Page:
Premier responds to push for universal breakfast program, says it’s not a simple solution

WINNIPEG — The Manitoba NDP is pushing for a universal breakfast program for students across the province.

The proposed program would cost $30 million annually to bring over-arching funding to Manitoba schools allowing them to provide breakfast. 

Tory MLA James Teitsma previously critiqued the NDP’s proposal, calling it a “bad idea.” 

Premier Brian Pallister said a universal breakfast program doesn’t address the root problems, and said his government has doubled the amount of food distribution in their first three years. 

“To suggest that the simple solution is to offer breakfast in an institutional setting while ignoring the needs of parents to have supports to help them either learn the skills of parenting properly or to make sure they have the resources available to prepare a meal, and share that meal with their child, is to ignore the fundamental importance of how we build our society,” Pallister said, following the start of the spring session at the legislature. 

Pallister said meal times are precious, and it’s important for families to share those moments. 

“Simply running around saying meal programs, free meals for everybody at a school is somehow a solution, is actually going to encourage an unintended consequence which is to separate the potential for a child to learn and be strengthened by their relationship with their own parent,” said Pallister. “That’s a by-product we don’t want to see happen.”

Meanwhile, NDP Leader Wab Kinew said a universal model would be more beneficial than a more state-funded cafeteria model.

“My take is that when a child comes to school hungry, it impedes their ability to learn. When a child comes to school hungry, they’re more likely to have difficulty getting good grades,” Kinew said.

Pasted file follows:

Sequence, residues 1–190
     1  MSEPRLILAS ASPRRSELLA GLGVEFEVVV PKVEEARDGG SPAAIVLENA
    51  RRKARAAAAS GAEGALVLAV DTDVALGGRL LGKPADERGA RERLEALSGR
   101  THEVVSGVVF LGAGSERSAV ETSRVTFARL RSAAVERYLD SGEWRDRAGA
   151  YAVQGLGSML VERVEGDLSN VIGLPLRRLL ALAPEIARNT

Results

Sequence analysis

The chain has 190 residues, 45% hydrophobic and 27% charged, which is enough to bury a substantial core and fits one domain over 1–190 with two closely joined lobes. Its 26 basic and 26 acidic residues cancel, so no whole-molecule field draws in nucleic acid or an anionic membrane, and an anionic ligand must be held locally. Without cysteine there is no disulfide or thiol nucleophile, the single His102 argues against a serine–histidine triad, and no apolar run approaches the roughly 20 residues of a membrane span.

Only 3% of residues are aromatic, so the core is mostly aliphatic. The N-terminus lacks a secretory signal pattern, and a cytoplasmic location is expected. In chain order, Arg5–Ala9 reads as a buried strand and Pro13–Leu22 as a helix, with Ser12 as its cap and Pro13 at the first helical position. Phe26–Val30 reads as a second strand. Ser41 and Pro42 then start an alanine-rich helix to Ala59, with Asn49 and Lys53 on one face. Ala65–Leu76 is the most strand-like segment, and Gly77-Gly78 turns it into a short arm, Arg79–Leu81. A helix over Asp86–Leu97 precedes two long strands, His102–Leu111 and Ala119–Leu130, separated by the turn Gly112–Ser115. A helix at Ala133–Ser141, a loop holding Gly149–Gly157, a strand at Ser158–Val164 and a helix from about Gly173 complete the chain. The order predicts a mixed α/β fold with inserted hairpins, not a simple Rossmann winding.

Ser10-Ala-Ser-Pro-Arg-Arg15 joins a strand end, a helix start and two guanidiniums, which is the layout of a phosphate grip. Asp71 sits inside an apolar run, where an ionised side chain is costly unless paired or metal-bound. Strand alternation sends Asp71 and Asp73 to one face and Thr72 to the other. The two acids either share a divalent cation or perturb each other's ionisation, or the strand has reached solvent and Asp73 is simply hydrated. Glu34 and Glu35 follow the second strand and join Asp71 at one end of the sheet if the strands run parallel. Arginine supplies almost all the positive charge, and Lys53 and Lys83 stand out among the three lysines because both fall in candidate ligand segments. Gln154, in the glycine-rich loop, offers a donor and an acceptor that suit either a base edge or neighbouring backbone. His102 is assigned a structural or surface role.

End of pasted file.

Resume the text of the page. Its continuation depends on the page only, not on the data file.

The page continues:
He said not only is this bad for that child, but it affects every child in the classroom. 

“Even if you’re feeding your kid and sending them off to school, ready to learn, ready to succeed, if they’re in the classroom with another child who’s struggling, then that child’s not going to get the assistance,” said Kinew. “That’s going to affect your child’s learning too.”

Kinew noted the Manitoba Teachers’ Society has also called on the province to provide a universal breakfast program. 

“The Premier can run around saying parental responsibility all he wants,” said Kinew. “I wouldn’t agree with that perspective.”

He said that school of thought fails to help the child who’s going to school hungry. 

“Why should they be further punished by not having access to a nutritious meal at the start of the school day?” asked Kinew. 

Pallister said his government will continue to look at ways to work on food programs in schools. He also said he isn’t going to ignore the importance of a relationship between a parent and their child. 

A national report card on child and family poverty in Canada found Manitoba has the highest rates (27.9 per cent) of child poverty in the country. 

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